I come to this truth on the day when many who love me are celebrating my 80th birthday.  A secular motivational speaker, Dale Carnegie, wrote that the most beautiful sound in the world to a man is the sound of his own name.  I disagree with him because there is a sense in which I do not even like the sound of my name.  To me the most beautiful sound in the world is the name of Jesus Christ because apart from Him I would be a zero with the circle rubbed out.

As I reflect on Paul’s benediction I have made the commitment that I do not want to pour my life into any venture unless I am certain that God is the Source of it, He is the Power behind it and the glory of God is its purpose.  How does this benediction impact your mindset?

Dick Woodward, 25 October 2010

Editor’s Note: As many of you know, Papa’s birthday is October 25th. This year he would have turned 85.  Oh how we miss him(!) but today, as stated in this post 5 years ago, when we remember Papa, he would have us dwell in the Name of Jesus Christ & be challenged by Paul’s benediction – is God the source & power behind what we’re doing? Is God’s glory the purpose for what we do?


Facing Calamities

January 16, 2015

“Be still and know that I am God.” (Psalm 46:10)

These familiar words of consolation and exhortation are found in the context of a great calamity described by the psalmist. Many believe this calamity is prophetic and relates to the great and terrible Day of the Lord. By application these words, and other words of consolation in this psalm, can be related to any calamity we experience as the people of God.

As the hymn writer declares this calamity to be a total devastation, in the midst of this devastation he exclaims, “God is our refuge and strength; a very present help in times of trouble.” Since Hebrew is not as precise as Greek, the New American Standard Bible offers helpful alternate readings in the margins throughout this psalm. The alternate reading offered here consoles us with the thought that God can be a very present help to us in our “tight places.”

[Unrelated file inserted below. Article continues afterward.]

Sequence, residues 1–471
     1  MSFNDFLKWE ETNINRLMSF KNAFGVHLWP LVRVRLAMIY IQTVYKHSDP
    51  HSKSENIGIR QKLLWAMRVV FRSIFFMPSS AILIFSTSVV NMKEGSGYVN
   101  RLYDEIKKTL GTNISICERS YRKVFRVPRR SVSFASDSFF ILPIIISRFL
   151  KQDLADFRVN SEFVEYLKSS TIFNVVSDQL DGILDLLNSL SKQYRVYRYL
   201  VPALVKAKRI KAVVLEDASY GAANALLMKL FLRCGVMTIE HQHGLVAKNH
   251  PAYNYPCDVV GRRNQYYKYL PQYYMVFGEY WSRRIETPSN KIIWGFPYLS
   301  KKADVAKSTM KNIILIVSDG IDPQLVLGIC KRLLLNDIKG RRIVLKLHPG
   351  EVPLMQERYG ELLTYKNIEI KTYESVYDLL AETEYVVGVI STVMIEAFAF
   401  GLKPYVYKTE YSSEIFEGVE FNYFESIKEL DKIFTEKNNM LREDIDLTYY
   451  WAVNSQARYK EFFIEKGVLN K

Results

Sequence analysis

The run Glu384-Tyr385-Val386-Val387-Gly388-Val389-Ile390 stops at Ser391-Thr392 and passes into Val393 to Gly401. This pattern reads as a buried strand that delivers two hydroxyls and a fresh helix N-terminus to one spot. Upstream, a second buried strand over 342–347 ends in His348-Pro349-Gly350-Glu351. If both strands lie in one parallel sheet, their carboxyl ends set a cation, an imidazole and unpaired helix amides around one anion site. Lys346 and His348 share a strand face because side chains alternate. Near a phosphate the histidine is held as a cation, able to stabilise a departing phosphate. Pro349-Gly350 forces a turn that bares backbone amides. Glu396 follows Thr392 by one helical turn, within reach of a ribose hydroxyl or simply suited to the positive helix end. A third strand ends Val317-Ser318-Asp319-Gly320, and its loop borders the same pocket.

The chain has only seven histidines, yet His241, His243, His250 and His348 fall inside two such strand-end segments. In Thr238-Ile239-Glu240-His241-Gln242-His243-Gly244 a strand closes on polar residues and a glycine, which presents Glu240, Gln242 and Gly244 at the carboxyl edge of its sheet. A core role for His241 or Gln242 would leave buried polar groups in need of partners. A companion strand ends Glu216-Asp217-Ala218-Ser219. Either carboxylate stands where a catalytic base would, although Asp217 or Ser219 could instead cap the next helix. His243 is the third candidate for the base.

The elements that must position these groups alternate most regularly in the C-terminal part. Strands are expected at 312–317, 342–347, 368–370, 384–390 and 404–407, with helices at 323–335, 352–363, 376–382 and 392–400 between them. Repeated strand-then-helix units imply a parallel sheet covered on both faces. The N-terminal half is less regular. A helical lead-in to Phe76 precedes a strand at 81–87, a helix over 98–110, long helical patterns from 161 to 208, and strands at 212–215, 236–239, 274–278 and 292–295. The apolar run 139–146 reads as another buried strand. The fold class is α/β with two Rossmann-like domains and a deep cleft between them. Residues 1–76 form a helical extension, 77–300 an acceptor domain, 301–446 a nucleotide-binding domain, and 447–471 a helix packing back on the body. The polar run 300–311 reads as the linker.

The helpful alternate reading presented alongside verse 10 is “Relax, let go and prove that God is – and what His will is. He is God and He wills to be exalted among the nations and in the earth.”

When you find yourself experiencing calamity be still long enough to experience these great realities: that God is God, that He is there for you, and that He can help you in the tight places of your calamity. So relax, let go, and prove Him. Then ask yourself how your response to your calamity just might align with what He wills; that He might be exalted among the nations and in the earth through the way you live your life here on earth for His Glory.

Dick Woodward, 10 March 2009


Examining our Hearts

September 2, 2014

Search me, Oh God, and know my heart.  Try me and know my thoughts. See if there is any wicked way in me and lead me in the way everlasting.”  (Psalm 139:23-24)

David showed great spiritual wisdom when he prayed this prayer.  He asked God to take the lid off his mind and show him the thoughts that should not be there.  He then asked God to take the lid off his heart because he wanted to see the motives that should not be in his heart.  He prayed this prayer of self-examination because he wanted to walk in the everlasting way.  Another way of saying the same thing is that David wanted God to purify his thoughts and  motives because he wanted to be the man God created and re-created him to be…

Paul closes his second letter to the Corinthians with a verse that has a cluster of challenges regarding how they are to think of themselves. If you compare several translations of this verse (2 Corinthians 13:5), you will realize that these challenges can be summarized and paraphrased into just three:  “EXAMINE yourself, whether you are in the faith; PROVE yourself that you are an authentic disciple of Christ.  And KNOW yourself, how that Jesus Christ is in you.” …